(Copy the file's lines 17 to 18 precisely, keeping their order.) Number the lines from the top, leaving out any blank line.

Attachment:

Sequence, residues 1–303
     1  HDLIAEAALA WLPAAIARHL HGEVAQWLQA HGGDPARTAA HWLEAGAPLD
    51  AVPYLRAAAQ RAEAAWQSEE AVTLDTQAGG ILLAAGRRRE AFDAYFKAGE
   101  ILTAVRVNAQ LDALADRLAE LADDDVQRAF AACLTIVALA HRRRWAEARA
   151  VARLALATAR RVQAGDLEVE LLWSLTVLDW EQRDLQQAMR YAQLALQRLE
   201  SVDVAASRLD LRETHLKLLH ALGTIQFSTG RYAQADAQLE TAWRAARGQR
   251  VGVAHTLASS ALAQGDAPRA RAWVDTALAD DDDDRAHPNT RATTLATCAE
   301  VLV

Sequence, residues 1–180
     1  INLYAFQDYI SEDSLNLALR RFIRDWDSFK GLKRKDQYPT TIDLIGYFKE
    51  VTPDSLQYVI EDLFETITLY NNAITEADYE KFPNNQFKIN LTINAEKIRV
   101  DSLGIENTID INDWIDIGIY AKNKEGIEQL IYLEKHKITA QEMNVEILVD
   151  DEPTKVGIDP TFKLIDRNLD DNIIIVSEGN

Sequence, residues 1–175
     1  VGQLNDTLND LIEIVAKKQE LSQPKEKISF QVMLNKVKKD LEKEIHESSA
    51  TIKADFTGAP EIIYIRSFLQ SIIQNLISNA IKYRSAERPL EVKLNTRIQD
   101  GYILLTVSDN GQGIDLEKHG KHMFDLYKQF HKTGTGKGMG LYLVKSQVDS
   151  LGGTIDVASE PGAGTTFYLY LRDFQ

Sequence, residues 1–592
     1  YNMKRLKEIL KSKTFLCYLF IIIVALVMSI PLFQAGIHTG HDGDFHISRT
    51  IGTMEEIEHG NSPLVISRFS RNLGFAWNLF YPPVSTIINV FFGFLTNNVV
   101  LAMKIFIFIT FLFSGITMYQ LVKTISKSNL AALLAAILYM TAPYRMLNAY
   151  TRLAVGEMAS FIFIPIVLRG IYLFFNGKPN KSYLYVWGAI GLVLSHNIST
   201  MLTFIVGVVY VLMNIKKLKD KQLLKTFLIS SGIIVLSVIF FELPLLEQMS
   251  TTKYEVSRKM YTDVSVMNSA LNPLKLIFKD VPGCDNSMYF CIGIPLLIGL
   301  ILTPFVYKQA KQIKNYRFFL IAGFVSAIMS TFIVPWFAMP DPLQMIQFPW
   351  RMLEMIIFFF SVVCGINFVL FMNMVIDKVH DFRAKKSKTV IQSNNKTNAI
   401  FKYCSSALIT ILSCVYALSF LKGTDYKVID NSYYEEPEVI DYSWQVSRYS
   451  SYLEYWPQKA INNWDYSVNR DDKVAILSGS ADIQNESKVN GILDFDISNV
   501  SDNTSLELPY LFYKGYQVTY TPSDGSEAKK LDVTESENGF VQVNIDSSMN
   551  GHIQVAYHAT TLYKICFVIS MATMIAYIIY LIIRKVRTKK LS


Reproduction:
   101  GYILLTVSDN GQGIDLEKHG KHMFDLYKQF HKTGTGKGMG LYLVKSQVDS
   151  LGGTIDVASE PGAGTTFYLY LRDFQ